Thus I are a hard core Boglehead - mostly - except for hormones and I think the Norwegian widow is an absolute sweetie!

85% Target Retirement, 15% Norwegian widow stocks.

Your mileage may - AND I may change my mind.

heh heh heh
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hedge funds
Old 10-12-2007, 10:16 AM   #33
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hedge funds

I am not sure about others but many years of
using the basic stuff and doing my own investing
I found something for me to be on more or less cruise
control ( of course watching at least monthly).

As I have plans to retire soon at 52 with a bit more than
than 1.2 mil but not much, I found 3 managers I like.
I have my longer term bank/broker who manages 40%
which is also my money market cash living account
they watch it like a hawk and easy to travel around the world using ATM's.
Capitalistpig hedge fund 30%
Modern Capital Hedge fund 25%
IGNAX 5% that I have had for years ( PSPFX would be as good if not better without the front load).

I got in the Modern capital for less than the 500K
that is required adding more is 50K.
Cap Pig fund is 100K intial and adding is 10K minimum.

I figure that I done enough of working to get here and will concentrate on having fun and being a bit wise on spending.

No debt, help the parents and kids out a little.
27 years working in foreign countries out of last 32 years.
Owned 3bdrm house in Thailand but sold recently
bored with the place. Too Many Key-now ( cheap charlies flooding the place like a ghetto anymore with the locals having poor attitudes to foreigners also).

1st post
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Old 10-12-2007, 10:32 AM   #34
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tired to edit last post but learning the site still.
Single 3rd time ( 10 years now and counting).
Just bought house in East Tennessee for a home base!
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Old 10-12-2007, 10:40 AM   #35
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wcv, how did you decide to invest in these specific hedge funds? How did you determine that they would offer good risk/reward and that they were not run by crooks?
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Old 10-12-2007, 10:50 AM   #36
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Modern Capital, the manager was on a investment forum I joined
so I/we use to talk. Was not hard after a few years to see the guy was
first class and the fund he started in 2004 which he talk to us about was really first class. He had great verifiable credintals also.

Capitalsitpig fund you can watch it on fox news every week.
Jonathan Hoenig is the manager. Both have certified accounting firms that will supply any info you need to verify the fund.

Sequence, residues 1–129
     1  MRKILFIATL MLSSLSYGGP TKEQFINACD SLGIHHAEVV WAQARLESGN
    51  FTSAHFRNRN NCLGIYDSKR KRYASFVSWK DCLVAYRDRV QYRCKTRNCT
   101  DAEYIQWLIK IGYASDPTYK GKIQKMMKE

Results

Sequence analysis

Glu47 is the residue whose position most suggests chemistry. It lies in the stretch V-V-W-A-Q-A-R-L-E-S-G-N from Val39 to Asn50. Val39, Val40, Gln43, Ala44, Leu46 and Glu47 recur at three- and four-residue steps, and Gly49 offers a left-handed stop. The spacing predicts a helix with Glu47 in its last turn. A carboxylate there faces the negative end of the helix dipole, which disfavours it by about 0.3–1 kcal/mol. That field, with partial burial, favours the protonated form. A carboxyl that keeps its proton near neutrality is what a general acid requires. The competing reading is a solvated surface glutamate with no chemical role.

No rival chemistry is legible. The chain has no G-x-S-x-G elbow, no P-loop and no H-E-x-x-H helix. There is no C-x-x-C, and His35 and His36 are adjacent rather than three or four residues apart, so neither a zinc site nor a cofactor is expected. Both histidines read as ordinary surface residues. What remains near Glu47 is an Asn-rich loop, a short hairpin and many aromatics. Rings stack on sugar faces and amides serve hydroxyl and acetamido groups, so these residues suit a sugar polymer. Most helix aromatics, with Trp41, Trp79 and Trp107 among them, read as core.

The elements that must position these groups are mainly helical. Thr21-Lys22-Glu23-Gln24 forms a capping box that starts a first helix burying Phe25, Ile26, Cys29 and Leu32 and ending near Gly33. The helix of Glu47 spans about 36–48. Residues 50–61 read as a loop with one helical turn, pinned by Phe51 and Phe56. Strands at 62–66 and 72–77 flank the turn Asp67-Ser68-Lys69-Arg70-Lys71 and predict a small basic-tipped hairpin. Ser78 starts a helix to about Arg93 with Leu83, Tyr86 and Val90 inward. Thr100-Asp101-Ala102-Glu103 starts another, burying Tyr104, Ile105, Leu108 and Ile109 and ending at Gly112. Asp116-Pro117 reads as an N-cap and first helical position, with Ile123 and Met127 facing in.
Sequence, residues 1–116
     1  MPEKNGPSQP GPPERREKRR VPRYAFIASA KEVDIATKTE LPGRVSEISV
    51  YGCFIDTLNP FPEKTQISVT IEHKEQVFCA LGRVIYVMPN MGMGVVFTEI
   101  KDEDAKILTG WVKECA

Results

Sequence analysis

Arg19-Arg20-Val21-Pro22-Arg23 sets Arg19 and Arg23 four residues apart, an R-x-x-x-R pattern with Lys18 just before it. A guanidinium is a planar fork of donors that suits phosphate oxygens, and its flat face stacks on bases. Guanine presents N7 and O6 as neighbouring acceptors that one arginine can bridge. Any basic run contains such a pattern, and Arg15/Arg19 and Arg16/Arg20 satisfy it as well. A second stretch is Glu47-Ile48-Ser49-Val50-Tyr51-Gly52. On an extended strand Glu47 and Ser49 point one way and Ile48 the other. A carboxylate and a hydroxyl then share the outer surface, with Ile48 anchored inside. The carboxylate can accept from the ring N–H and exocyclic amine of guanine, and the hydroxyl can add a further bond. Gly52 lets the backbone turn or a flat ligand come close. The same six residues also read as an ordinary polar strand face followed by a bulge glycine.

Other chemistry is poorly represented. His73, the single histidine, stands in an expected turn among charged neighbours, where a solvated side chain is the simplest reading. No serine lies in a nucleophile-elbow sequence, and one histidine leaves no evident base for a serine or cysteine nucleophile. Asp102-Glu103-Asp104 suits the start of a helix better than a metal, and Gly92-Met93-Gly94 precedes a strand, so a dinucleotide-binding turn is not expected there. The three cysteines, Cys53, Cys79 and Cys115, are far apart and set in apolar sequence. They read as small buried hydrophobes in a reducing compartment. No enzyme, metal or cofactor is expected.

It is a bit hard unless you want to pay to get info on hedge funds
but there is alot of info out there.
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Old 10-12-2007, 10:52 AM   #37
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I guess I am just not that trusting.
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Old 10-12-2007, 11:06 AM   #38
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don't blame you most of my mistakes have been with wives, friends and family concerning money.
Whatever makes you happy I guess.
I know what I like and like what I know now!.
Investing is not simple and just like everything is else not free
to do it well.

Cap pig
Historical Returns:
Fund
Dow
S&P 500
Nasdaq
Bonds
Hedge
2000
56.65%
-4.72%
-9.12%
-39.26%
13.37%
4.73%
2001
10.29%
-5.41%
-11.82%
-20.71%
6.74%
4.32%
2002
27.66%
-15.01%
-22.10%
-31.23%
11.56%
3.00%
2003
58.90%
28.28%
28.68%
50.77%
2.25%
14.36%
2004
6.39%
5.31%
10.88%
9.15%
3.50%
9.20%
2005
15.55%
1.71%
4.91%
2.12%
2.65%
5.90%
2006
8.12%
19.04%
15.79%
10.39%
3.49%
11.81%
2007
4.37%
13.30%
9.12%
12.46%
4.80%
7.03%
LOF:
384.62%
53.79%
20.38%
-25.40%
50.16%
83.84%
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Old 10-12-2007, 11:09 AM   #39
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(Fund ) is the cap pig returns! ( I bought it as he seems to be a great down market investor).

The list is in order of the returns top to bottom
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Old 10-12-2007, 11:11 AM   #40
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Single 3rd time ( 10 years now and counting).
Seems like you could be a board guru on love, marriage and money and the interactions among same.

How about some cautionary tales from the trenches?

Ha